When it comes to the decision-making process, Board members should check the three P’s. Policy. Practice. Precedence. No matter how large the decision or how small the conversation, Board members should be methodical and intentional throughout their discourse.
Policy – this is the easy one. When making decisions, responding to homeowner requests and issues, applying, and enforcing rules, or creating new policies, the Board should check the governing documents to see what policies, ordinances, laws, etc. that may apply. The governing documents are the playbook to how the association is governed and managed.
Practice – where policy may not exist, the Board should be aware of past practices. A good example of this would be how Limited Common Elements are handled. Does the association take on the expense of replacing the patio slab and then bill it back to that benefiting homeowner? Does the association treat it as a common expense and absorb it? Does the association make a list each spring of the patio slabs to be replaced and then replace them at the same time? Limited Common Elements and how they are handled can be a good example of something that the association may not have a written policy for (the governing documents typically give the association options), which makes it all the more important that the Board’s past practice is consistently followed.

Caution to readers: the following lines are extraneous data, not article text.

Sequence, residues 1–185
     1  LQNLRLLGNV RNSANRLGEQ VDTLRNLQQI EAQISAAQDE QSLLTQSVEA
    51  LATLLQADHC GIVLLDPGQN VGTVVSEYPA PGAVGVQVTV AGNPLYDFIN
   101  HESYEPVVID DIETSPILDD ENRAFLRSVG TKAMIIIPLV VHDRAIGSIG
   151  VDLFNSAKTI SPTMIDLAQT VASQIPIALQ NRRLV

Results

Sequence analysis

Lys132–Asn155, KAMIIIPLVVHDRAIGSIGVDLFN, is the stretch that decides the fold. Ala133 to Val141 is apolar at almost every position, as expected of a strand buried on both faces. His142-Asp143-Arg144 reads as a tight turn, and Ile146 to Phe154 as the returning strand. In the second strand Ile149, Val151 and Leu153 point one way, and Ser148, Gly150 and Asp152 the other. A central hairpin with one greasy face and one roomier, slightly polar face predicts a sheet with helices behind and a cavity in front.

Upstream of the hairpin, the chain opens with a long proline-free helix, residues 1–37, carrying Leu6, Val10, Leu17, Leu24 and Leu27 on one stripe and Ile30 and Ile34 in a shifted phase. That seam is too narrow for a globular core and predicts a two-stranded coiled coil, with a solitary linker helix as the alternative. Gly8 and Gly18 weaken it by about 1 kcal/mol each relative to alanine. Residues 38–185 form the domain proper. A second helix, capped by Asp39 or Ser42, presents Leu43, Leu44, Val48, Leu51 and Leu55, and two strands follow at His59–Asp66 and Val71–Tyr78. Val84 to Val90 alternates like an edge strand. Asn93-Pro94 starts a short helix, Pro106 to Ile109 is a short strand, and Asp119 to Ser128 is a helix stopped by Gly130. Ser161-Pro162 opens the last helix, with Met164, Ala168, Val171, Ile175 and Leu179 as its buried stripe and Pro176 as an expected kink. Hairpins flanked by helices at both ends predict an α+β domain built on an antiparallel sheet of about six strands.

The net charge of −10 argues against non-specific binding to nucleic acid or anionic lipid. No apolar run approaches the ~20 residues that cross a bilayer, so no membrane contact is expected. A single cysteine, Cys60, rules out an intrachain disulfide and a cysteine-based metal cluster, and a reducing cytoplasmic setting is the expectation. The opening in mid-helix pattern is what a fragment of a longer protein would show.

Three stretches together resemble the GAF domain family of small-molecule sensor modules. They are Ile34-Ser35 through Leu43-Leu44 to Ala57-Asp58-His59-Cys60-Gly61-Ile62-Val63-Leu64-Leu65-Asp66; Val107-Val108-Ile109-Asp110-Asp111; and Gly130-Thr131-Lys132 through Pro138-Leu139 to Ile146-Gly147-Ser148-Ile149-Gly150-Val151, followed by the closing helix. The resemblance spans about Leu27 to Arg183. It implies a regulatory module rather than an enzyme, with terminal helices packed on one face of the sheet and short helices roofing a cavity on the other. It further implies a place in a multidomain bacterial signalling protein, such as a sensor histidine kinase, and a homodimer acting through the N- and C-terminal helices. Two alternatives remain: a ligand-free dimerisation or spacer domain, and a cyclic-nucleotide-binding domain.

Another example might be how homeowners are incorporated into a Board meeting. Does the association have an “open forum” part of the meeting? Do homeowners need to email the Board or Management prior to the meeting to be put on the agenda? It is also wise for a Board to review their common practices and consider incorporating it into policy for continuity sake. Adding Board meeting conduct and procedures to the Rules & Regulations being an example. Past practice is what can get Boards into trouble. Often times it is wise to make practice in to policy.
Precedent – at the end of the day, policy, and practice all goes to set what the Board should keep in the back of their mind. Whatever you do or decide today will set an all-important precedent. The best litmus test a Board can do for themselves is to ask – if we allow this homeowner request, change this service, engage this contract, etc. – will we and all Boards to follow do it every time?
The three P’s all come full circle. Policy leads to Practice. Practice is your Precedence. Or…. Practice should lead to Policy, which sets Precedence. Whatever order it might take, when going through the decision-making process, check the three P’s.